Related: Pinpointing Utility

If I ever say "my utility function", you could reasonably accuse me of cargo-cult rationality; trying to become more rational by superficially immitating the abstract rationalists we study makes about as much sense as building an air traffic control station out of grass to summon cargo planes.

There are two ways an agent could be said to have a utility function:

  1. It could behave in accordance with the VNM axioms; always choosing in a sane and consistent manner, such that "there exists a U". The agent need not have an explicit representation of U.

  2. It could have an explicit utility function that it tries to expected-maximize. The agent need not perfectly follow the VNM axioms all the time. (Real bounded decision systems will take shortcuts for efficiency and may not achieve perfect rationality, like how real floating point arithmetic isn't associative).

Neither of these is true of humans. Our behaviour and preferences are not consistent and sane enough to be VNM, and we are generally quite confused about what we even want, never mind having reduced it to a utility function. Nevertheless, you still see the occasional reference to "my utility function".

Sometimes "my" refers to "abstract me who has solved moral philosophy and or become perfectly rational", which at least doesn't run afoul of the math, but is probably still wrong about the particulars of what such an abstract idealized self would actually want. But other times it's a more glaring error like using "utility function" as shorthand for "entire self-reflective moral system", which may not even be VNMish.

But this post isn't really about all the ways people misuse terminology, it's about where we're actually at on the whole problem for which a utility function might be the solution.

As above, I don't think any of us have a utility function in either sense; we are not VNM, and we haven't worked out what we want enough to make a convincing attempt at trying. Maybe someone out there has a utility function in the second sense, but I doubt that it actually represents what they would want.

Perhaps then we should speak of what we want in terms of "terminal values"? For example, I might say that it is a terminal value of mine that I should not murder, or that freedom from authority is good.

But what does "terminal value" mean? Usually, it means that the value of something is not contingent on or derived from other facts or situations, like for example, I may value beautiful things in a way that is not derived from what they get me. The recursive chain of valuableness terminates at some set of values.

There's another connotation, though, which is that your terminal values are akin to axioms; not subject to argument or evidence or derivation, and simply given, that there's no point in trying to reconcile them with people who don't share them. This is the meaning people are sometimes getting at when they explain failure to agree with someone as "terminal value differences" or "different set of moral axioms". This is completely reasonable, if and only if that is in fact the nature of the beliefs in question.

About two years ago, it very much felt like freedom from authority was a terminal value for me. Those hated authoritarians and fascists were simply wrong, probably due to some fundamental neurological fault that could not be reasoned with. The very prototype of "terminal value differences".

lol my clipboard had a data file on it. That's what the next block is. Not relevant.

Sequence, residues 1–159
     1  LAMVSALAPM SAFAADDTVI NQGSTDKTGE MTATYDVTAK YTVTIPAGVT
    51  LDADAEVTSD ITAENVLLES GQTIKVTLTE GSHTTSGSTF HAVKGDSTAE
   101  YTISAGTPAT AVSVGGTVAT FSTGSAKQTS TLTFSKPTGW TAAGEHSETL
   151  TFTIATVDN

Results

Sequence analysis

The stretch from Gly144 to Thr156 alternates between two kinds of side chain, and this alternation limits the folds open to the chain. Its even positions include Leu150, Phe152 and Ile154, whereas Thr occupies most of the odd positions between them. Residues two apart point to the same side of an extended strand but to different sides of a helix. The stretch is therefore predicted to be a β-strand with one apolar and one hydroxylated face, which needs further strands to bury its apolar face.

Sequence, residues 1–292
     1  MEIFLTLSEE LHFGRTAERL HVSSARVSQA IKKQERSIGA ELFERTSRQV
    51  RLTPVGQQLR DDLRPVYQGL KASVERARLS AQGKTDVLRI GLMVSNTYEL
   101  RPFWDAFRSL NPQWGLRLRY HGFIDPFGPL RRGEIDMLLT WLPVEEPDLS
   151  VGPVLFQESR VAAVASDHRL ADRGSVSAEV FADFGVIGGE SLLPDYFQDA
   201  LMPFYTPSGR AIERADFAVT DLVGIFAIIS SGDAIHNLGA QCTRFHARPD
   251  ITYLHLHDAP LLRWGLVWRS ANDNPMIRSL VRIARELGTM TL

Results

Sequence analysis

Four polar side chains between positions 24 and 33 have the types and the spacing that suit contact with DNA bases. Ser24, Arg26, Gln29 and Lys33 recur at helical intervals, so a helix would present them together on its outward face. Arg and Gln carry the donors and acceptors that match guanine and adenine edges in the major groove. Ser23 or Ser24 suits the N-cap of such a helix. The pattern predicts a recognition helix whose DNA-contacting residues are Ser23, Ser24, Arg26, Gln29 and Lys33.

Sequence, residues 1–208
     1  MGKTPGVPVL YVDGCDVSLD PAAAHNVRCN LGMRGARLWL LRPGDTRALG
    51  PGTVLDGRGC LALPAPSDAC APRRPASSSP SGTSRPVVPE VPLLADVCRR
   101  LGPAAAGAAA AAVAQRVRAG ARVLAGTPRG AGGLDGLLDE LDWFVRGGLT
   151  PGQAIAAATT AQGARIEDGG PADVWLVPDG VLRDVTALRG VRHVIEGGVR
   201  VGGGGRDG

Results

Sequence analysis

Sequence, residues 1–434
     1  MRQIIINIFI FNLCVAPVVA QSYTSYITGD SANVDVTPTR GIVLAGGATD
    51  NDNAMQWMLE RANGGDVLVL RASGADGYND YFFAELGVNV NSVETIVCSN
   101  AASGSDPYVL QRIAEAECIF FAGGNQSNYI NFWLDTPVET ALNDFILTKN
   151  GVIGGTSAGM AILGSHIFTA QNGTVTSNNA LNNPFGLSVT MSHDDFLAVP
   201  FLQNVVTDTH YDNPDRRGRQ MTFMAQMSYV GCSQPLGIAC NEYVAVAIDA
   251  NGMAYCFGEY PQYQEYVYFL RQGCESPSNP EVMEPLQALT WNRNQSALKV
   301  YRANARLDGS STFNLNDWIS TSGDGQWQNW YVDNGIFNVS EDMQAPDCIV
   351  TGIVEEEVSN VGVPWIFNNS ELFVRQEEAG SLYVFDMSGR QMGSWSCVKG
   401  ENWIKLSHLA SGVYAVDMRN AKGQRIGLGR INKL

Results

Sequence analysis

And yet here I am today, having been reasoned out of that "terminal value", such that I even appreciate a certain aesthetic in bowing to a strong leader.

If that was a terminal value, I'm afraid the term has lost much of its meaning to me. If it was not, if even the most fundamental-seeming moral feelings are subject to argument, I wonder if there is any coherent sense in which I could be said to have terminal values at all.

The situation here with "terminal values" is a lot like the situation with "beliefs" in other circles. Ask someone what they believe in most confidently, and they will take the opportunity to differentiate themselves from the opposing tribe on uncertain controversial issues; god exists, god does not exist, racial traits are genetic, race is a social construct. The pedant answer of course is that the sky is probably blue, and that that box over there is about a meter long.

Likewise, ask someone for their terminal values, and they will take the opportunity to declare that those hated greens are utterly wrong on morality, and blueness is wired into their very core, rather than the obvious things like beauty and friendship being valuable, and paperclips not.

So besides not having a utility function, those aren't your terminal values. I'd be suprised if even the most pedantic answer weren't subject to argument; I don't seem to have anything like a stable and non-negotiable value system at all, and I don't think that I am even especially confused relative to the rest of you.

Instead of a nice consistent value system, we have a mess of intuitions and hueristics and beliefs that often contradict, fail to give an answer, and change with time and mood and memes. And that's all we have. One of the intuitions is that we want to fix this mess.

People have tried to do this "Moral Philosophy" thing before, myself included, but it hasn't generally turned out well. We've made all kinds of overconfident leaps to what turn out to be unjustified conclusions (utilitarianism, egoism, hedonism, etc), or just ended up wallowing in confused despair.

The zeroth step in solving a problem is to notice that we have a problem.